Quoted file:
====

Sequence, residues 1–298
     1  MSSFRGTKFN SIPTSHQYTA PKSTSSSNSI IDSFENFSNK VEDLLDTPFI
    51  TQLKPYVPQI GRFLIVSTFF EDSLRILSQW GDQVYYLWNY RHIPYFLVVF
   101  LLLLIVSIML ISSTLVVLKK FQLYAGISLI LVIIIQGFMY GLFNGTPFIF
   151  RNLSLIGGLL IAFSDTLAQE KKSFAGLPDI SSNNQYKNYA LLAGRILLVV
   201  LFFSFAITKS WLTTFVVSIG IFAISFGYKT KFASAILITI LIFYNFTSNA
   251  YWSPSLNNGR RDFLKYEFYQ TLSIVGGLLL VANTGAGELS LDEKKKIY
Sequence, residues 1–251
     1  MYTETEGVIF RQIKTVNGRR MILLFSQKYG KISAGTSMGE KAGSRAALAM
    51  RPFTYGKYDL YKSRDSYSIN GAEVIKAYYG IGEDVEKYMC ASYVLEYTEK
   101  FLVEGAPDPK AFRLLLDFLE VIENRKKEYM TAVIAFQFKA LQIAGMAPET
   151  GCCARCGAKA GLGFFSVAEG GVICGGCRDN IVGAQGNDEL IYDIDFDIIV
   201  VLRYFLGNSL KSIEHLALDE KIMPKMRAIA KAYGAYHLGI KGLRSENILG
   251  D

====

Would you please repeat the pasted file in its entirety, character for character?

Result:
Sequence, residues 1–298
     1  MSSFRGTKFN SIPTSHQYTA PKSTSSSNSI IDSFENFSNK VEDLLDTPFI
    51  TQLKPYVPQI GRFLIVSTFF EDSLRILSQW GDQVYYLWNY RHIPYFLVVF
   101  LLLLIVSIML ISSTLVVLKK FQLYAGISLI LVIIIQGFMY GLFNGTPFIF
   151  RNLSLIGGLL IAFSDTLAQE KKSFAGLPDI SSNNQYKNYA LLAGRILLVV
   201  LFFSFAITKS WLTTFVVSIG IFAISFGYKT KFASAILITI LIFYNFTSNA
   251  YWSPSLNNGR RDFLKYEFYQ TLSIVGGLLL VANTGAGELS LDEKKKIY
Sequence, residues 1–251
     1  MYTETEGVIF RQIKTVNGRR MILLFSQKYG KISAGTSMGE KAGSRAALAM
    51  RPFTYGKYDL YKSRDSYSIN GAEVIKAYYG IGEDVEKYMC ASYVLEYTEK
   101  FLVEGAPDPK AFRLLLDFLE VIENRKKEYM TAVIAFQFKA LQIAGMAPET
   151  GCCARCGAKA GLGFFSVAEG GVICGGCRDN IVGAQGNDEL IYDIDFDIIV
   201  VLRYFLGNSL KSIEHLALDE KIMPKMRAIA KAYGAYHLGI KGLRSENILG
   251  D